Most stakeholders support the proposed amendment which would clarify the kind of information to be included on labels, packaging or advertising material, without addressing the issue of standards used to certify food as halal.

The conclusion which emerged is that stakeholders must achieve a consensus among themselves as to what should constitute acceptable standards for halal, before the CFIA can contemplate regulating through a standard.

“One-for-One” Rule

The “One-for-One” Rule does not apply to this proposal, as there is no change in administrative costs to business.

Small business lens

The small business lens does not apply to this proposal, as there are insignificant costs to small business.


Halal food consumers have expressed concerns about how difficult it is to make informed purchase decisions without knowing the standard used in certifying a food product as halal. Stakeholders want a more proactive approach that will assist in mitigating this situation. Government intervention in this matter is required to ensure the consistency, accuracy and appropriateness of label information on halal food so that consumers can make informed food choices.

Canadian Muslims would ideally want the CFIA to establish regulatory controls over halal products through a standard. Regulating halal products through a standard is not feasible as there is currently no consensus among stakeholders on a common standard. The CFIA therefore proposes to establish regulatory requirements that would assist in providing consumers with sufficient information to choose their halal products based on what fits their definition of halal.

The expected overall incremental impact on the Canadian economy is low. Some businesses are already voluntarily adding the halal claim on product labels and demanding certification as part of their marketing strategies. Therefore, the requirement to add the name of the person or body that certified the food as halal on a label when the “halal” claim is made is expected to add a very small cost to the industry. Also, a two-year implementation delay is proposed to give businesses time to adjust to this new requirement and further minimize any impacts. During that time, food businesses would be allowed to use up their inventory of labels and packaging material, thereby minimizing the cost associated with discarded inventory and allowing for the cost of changing labels (in order to meet up with the proposed amendment) to be absorbed through the usual cost of reprinting labels. The literature suggests that the lifecycle of a package or label varies depending on the product and its marketing strategy. For the majority of products, companies usually hold about 12 months' worth of labels as inventory. (see footnote 2)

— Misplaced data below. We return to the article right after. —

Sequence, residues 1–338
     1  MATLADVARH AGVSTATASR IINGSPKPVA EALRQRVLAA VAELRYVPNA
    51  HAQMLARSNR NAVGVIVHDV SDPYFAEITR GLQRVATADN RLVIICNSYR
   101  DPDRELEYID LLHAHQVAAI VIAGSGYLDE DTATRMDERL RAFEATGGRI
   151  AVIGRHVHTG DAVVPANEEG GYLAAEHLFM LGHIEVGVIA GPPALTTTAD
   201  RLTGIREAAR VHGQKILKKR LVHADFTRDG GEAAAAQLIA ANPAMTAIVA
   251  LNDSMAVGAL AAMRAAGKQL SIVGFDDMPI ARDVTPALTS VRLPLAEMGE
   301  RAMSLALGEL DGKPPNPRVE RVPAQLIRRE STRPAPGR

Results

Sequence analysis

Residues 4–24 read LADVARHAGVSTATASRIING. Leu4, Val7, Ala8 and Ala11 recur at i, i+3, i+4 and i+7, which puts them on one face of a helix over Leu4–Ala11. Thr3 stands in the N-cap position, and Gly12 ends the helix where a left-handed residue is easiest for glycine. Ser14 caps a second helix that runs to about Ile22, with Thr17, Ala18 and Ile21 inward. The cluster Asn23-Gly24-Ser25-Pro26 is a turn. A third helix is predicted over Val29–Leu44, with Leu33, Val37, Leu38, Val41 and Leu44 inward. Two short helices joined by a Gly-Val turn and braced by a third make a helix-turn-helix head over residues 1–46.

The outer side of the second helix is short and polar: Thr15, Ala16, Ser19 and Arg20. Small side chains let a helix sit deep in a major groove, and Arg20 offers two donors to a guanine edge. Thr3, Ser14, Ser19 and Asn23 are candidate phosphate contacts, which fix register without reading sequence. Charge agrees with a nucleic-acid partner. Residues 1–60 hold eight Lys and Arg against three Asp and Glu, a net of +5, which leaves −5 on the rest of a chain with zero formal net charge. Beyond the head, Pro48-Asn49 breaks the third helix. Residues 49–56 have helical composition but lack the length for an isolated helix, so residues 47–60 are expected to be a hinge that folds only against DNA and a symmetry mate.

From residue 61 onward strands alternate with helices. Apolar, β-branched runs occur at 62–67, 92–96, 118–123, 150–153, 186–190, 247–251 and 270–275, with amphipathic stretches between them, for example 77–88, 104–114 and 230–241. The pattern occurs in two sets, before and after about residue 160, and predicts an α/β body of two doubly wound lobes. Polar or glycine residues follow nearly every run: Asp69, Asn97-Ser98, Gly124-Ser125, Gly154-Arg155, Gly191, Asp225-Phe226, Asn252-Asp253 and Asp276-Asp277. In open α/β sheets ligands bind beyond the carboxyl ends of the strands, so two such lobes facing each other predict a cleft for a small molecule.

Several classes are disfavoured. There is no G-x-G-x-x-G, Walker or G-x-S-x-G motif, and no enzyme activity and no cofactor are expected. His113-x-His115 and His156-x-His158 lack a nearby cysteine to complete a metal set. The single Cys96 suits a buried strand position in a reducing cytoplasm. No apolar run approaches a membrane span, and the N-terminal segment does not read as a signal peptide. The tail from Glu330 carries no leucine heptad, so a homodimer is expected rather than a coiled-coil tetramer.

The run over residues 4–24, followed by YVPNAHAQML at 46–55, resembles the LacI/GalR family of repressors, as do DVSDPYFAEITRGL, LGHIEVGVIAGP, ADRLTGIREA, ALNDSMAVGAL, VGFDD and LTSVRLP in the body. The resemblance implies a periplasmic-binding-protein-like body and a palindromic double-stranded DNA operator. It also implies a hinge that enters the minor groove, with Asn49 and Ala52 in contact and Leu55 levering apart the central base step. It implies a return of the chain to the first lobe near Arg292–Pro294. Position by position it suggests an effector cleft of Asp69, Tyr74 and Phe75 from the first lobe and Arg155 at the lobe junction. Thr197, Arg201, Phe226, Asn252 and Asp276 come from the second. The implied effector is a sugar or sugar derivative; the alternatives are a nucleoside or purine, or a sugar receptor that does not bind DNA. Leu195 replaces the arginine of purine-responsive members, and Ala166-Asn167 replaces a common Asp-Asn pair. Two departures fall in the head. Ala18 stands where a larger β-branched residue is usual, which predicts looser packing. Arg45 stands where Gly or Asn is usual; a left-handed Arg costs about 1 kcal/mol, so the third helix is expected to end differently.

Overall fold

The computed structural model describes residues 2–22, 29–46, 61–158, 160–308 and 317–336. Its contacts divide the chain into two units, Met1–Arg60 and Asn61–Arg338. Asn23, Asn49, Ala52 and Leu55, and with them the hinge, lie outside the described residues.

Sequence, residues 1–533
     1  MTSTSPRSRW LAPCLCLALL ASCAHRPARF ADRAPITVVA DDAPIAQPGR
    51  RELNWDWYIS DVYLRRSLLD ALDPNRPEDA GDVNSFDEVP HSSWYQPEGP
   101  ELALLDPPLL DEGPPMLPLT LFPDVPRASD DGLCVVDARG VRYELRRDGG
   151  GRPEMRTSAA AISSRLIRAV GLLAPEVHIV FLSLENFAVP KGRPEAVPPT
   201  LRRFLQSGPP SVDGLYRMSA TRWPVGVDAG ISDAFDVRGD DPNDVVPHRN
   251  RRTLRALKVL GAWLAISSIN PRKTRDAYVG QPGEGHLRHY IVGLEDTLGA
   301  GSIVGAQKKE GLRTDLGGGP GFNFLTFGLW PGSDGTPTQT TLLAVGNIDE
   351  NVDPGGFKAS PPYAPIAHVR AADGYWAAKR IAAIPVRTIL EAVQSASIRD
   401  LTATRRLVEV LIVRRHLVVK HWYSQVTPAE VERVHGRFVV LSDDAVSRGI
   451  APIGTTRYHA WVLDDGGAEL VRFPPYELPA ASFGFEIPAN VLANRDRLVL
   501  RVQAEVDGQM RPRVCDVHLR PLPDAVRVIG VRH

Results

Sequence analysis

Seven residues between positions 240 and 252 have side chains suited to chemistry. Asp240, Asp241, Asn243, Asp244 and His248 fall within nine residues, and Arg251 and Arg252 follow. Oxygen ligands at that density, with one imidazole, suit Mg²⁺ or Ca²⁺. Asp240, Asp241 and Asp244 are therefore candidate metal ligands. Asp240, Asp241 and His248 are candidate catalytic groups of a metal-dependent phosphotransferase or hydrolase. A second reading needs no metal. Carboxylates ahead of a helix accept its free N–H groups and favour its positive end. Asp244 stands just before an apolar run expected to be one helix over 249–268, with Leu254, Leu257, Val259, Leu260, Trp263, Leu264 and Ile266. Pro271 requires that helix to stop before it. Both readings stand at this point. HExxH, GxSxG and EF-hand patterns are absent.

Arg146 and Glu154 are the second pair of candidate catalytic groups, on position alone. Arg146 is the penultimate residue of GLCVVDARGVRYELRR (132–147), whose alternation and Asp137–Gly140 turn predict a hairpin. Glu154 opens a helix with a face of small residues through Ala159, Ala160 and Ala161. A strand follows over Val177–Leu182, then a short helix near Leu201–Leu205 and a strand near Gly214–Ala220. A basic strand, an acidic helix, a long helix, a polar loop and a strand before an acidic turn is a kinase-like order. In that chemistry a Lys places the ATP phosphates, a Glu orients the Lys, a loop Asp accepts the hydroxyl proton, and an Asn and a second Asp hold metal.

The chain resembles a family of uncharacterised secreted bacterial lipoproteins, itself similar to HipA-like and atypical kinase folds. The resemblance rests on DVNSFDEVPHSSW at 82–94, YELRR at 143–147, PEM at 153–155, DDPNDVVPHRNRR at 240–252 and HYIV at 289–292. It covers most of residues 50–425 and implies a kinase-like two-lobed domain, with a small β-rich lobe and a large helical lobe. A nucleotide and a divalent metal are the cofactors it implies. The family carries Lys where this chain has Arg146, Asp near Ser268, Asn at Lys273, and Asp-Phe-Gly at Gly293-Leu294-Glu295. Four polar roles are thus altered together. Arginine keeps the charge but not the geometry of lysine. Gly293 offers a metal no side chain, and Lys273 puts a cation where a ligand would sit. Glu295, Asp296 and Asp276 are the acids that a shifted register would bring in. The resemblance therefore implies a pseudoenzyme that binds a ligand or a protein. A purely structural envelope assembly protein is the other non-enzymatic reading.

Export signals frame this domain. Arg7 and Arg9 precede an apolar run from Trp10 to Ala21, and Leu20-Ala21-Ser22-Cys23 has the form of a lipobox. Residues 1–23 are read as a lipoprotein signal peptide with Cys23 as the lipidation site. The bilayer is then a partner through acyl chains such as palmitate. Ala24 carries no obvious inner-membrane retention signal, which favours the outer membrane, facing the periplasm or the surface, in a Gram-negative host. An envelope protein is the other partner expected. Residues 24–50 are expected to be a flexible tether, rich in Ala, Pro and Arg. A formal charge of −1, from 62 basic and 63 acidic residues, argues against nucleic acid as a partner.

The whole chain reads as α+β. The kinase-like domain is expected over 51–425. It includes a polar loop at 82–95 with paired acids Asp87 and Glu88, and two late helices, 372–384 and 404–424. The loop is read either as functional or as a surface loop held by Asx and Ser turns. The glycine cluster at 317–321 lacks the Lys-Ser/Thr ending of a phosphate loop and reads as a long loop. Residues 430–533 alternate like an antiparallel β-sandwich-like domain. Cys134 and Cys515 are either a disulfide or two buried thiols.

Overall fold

Potential benefits include increased consumer confidence in halal-labelled products, fewer consumer complaints, increased demand for halal-claimed food products and increased demand for certifying services provided by halal certifying bodies. The benefits, which will improve the welfare of Canadians, outweigh the costs of the proposed regulatory amendment.

Implementation, enforcement and service standards

The enforcement of the proposed Regulations will be done through the CFIA's current system of label verification and in response to complaints. The control of imported products will be done at the registered establishment level and importer level through the label verification process. The CFIA will verify that the halal claims are accompanied by the name of the certifying body or person, or any supporting documentation to indicate such. The CFIA will not be passing judgement on the suitability of the criteria used to certify the food product as halal.


Darlene Blair
Program Policy Integration Division
Canadian Food Inspection Agency
1400 Merivale Road
Ottawa, Ontario
K1A 0Y9
Telephone: 613-773-5898


Notice is given that the Governor in Council, pursuant to subsection 30(1) (see footnote a) of the Food and Drugs Act (see footnote b), proposes to make the annexed Regulations Amending the Food and Drug Regulations (Halal food).

Interested persons may make representations concerning the proposed Regulations within 30 days after the date of publication of this notice. All such representations must cite the Canada Gazette, Part Ⅰ, and the date of publication of this notice, and be addressed to Christian Bordeleau, Senior Policy Analyst, Integration Policy Unit, Canadian Food Inspection Agency, Tower 1, Floor 5, Room 123, 1400 Merivale Road, Ottawa, Ontario K1A 0Y9 (tel.: 613-773-5516; email:

Ottawa, May 23, 2013

Assistant Clerk of the Privy Council



1. The Food and Drug Regulations (see footnote 3) are amended by adding the following after section B.01.049:

B.01.050. A person must not use, in labelling, packaging, advertising or selling a food, the word “halal” — or any letters of the Arabic alphabet or any other word, expression, depiction, sign, symbol, mark, device or other representation that indicates or that is likely to create an impression that the food is halal — unless the name of the person or body that certified the food as halal is indicated on the label or package or in the advertisement or sale.


2. These Regulations come into force two years after the day on which they are registered.